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Analysis: Wide U.S.-North Korea gulf over nuclear deal terms

People watch a TV screen showing file footage of U.S. President Donald Trump, left, and North Korean leader Kim Jong Un during a news program May 24, 2018, at the Seoul Railway Station in Seoul, South Korea. (Ahn Young-joon / Associated Press)
By Matthew Pennington Associated Press

WASHINGTON – Even if conciliatory rhetoric revives U.S.-North Korea summit plans, President Donald Trump and Kim Jong Un must overcome a gaping disconnect over what a deal on the North’s nuclear weapons would look like.

Observers of the soap opera-style Trump-Kim summit drama could be forgiven for thinking that a fragile courtship is underway, where the tenor of each side’s statements will determine whether the two can agree to sit down together.

At the heart of the North’s negative rhetoric that led Trump to cancel the summit is a fundamental difference of views on the path to denuclearization. Reconciling those views may determine not just the success of any future meeting but whether a summit is feasible.

“You could look at this as trash talking in anticipation of the big game,” said Christopher Hill, the lead U.S. negotiator with North Korea in the George W. Bush administration. “Frankly speaking, I think it’s more serious.”

Trump’s letter to Kim on Thursday blamed “tremendous anger and open hostility” by Pyongyang for derailing the June 12 meeting in Singapore.

Then Trump changed his tune after North Korea’s vice foreign minister, Kim Kye Gwan, responded not with more threats but qualified praise of the president and openness for talks. Trump said Friday that the two sides were talking about putting the summit back on track, possibly on the originally planned date.

And then on Saturday, Kim and South Korea’s president, Moon Jae-in, held a surprise meeting to discuss carrying out the peace commitments they reached in their first summit and Kim’s potential meeting with Trump, Moon’s office said. On Sunday, Moon planned to disclose the outcome of that meeting.

It’s been a tempestuous few days that have left close U.S. ally and summit-matchmaker South Korea “perplexed”; North Korea’s traditional ally China indignant that Trump was blaming it for changing Kim’s hardening attitude; and officials in Trump’s own administration struggling to stay up to speed with developments.

North Korea’s fundamental position has not changed, even if its tone has. Kim Kye Gwan explained that the North’s branding of Vice President Mike Pence as a “political dummy” and its warning of a potential nuclear showdown were reactions to “unbridled remarks” by the U.S. side pressing it to unilaterally scrap its atomic program.

For North Korea watchers, it was a diplomatic blow-up waiting to happen since Trump impulsively agreed in March to meet with Kim and try to persuade him to abandon weapons that pose a growing threat to the continental U.S.

“The massive gap between the United States and North Korea on denuclearization is the unspoken subtext to everything that’s just transpired,” said Evans Revere, a former senior State Department official for East Asia who since leaving the U.S. government has periodically held informal talks with North Korean officials.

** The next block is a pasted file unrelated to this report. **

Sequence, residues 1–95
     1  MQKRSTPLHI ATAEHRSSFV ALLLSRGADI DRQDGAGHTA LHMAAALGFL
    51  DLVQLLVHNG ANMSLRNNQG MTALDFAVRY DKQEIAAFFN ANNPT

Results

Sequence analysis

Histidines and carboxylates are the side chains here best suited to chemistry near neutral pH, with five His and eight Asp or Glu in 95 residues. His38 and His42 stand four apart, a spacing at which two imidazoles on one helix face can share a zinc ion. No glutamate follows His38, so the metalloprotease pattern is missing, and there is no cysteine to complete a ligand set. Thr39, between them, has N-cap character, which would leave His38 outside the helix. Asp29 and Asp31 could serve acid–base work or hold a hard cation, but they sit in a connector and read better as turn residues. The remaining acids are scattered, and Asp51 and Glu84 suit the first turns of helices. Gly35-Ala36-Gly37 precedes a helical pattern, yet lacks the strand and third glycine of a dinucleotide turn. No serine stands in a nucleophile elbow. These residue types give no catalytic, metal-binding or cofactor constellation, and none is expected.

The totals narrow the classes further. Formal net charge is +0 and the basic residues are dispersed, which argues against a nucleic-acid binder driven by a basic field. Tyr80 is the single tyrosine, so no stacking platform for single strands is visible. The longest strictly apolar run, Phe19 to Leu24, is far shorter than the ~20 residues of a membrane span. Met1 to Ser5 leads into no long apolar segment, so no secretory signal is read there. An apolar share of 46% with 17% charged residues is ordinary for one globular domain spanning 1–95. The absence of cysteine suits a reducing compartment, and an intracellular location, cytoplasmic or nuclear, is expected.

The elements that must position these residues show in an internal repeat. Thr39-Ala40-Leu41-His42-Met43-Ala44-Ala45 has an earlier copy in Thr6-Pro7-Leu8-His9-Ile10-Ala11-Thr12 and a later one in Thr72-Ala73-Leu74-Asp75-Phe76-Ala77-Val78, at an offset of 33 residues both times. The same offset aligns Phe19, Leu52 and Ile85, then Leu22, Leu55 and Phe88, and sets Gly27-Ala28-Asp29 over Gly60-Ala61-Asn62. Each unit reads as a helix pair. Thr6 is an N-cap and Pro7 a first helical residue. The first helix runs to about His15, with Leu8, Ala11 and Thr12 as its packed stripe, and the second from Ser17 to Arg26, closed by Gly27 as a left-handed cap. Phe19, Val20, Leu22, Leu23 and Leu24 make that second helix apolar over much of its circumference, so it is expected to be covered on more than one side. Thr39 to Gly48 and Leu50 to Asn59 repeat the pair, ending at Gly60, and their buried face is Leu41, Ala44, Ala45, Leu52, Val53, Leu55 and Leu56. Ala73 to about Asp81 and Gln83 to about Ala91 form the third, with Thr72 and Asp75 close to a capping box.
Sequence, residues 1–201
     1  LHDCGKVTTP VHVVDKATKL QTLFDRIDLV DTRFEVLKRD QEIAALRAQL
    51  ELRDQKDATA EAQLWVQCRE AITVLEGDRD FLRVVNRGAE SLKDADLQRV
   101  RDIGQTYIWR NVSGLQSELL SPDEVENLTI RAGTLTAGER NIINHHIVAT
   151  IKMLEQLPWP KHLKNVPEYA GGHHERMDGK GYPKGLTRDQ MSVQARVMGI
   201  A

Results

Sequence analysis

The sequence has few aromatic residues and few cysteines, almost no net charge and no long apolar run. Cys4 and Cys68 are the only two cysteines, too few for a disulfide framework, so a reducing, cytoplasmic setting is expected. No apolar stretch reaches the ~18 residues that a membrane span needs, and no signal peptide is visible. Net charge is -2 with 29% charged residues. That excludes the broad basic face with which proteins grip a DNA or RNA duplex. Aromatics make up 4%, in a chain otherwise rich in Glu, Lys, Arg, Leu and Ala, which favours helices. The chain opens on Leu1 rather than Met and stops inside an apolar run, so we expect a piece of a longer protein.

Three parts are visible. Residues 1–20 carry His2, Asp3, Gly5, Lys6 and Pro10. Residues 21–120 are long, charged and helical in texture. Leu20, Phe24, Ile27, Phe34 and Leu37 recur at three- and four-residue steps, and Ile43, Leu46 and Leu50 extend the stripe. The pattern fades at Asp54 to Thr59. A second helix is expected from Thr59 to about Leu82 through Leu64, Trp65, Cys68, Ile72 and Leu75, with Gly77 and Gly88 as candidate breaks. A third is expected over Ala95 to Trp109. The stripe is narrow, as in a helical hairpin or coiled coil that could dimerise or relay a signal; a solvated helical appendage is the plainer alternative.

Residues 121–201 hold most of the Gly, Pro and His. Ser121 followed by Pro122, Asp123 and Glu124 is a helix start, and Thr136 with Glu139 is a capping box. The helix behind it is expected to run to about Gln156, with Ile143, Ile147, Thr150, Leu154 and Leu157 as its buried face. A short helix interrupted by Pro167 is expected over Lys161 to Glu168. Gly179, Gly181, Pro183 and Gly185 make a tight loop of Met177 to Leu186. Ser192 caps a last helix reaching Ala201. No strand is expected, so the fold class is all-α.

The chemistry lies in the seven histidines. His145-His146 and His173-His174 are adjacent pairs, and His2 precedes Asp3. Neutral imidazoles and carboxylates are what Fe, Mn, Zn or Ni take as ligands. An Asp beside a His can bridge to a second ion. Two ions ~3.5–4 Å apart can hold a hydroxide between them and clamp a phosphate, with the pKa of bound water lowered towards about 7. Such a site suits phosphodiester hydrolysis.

“It speaks to the fact that the North Koreans were not prepared to come and give up all their weapons for promises,” said Hill, “and that the U.S. was not prepared to offer any sanctions relief for anything until everything was done.”

That was a theme Kim Kye Gwan, a veteran North Korean nuclear negotiator, had expressed in starker terms a week ago when he lashed out at Trump’s national security adviser John Bolton for saying that the disarmament of Libya in 2004 was a model for a possible deal with North Korea.

For the North, that was a deeply provocative comparison for two reasons. First, Libyan autocrat Moammar Gadhafi was killed following U.S.-supported military action in his country seven years after giving up his nuclear program. Secondly, Libya had surrendered its fledgling program – far less advanced than North Korea’s – before receiving any benefits.

North Korea is looking at a different type of deal.

Frank Aum, a former senior Pentagon adviser on North Korea, said it seeks a phased process in which each side takes “progressive and synchronous” steps toward denuclearization and peace. The North has spent decades building a nuclear and missile capability to deter the U.S., and Aum remains skeptical that it’s truly interested in giving up those weapons although it sees value in going down that path to see what benefits it might get.

For the Trump administration, a phased process would replicate past failed aid-for-disarmament deals with North Korea, although Trump himself this past week – before he canceled the summit – did not rule out an incremental approach that would provide incentives along the way to the North. He said Kim would get security guarantees if he denuclearizes.

That suggests some flexibility on the part of Trump, who has vacillated between threats and flattery in his long-distance courtship of Kim and is clearly eager to have his shot at being the first U.S. leader to meet with his North Korean counterpart and even bring peace to the divided Korean Peninsula.

Revere said what’s needed now is what should have happened in the first place before Trump impulsively agreed to the summit: an effort by officials to try and bridge the vast gap between the two sides. It’s a gulf which does not appear to have narrowed despite two, rare trips to Pyongyang by Secretary of State Mike Pompeo to meet with Kim.

For Trump to go into a meeting with Kim “without any idea of what you’re coming out with,” said Hill, “is frankly worse than having no summit at all.”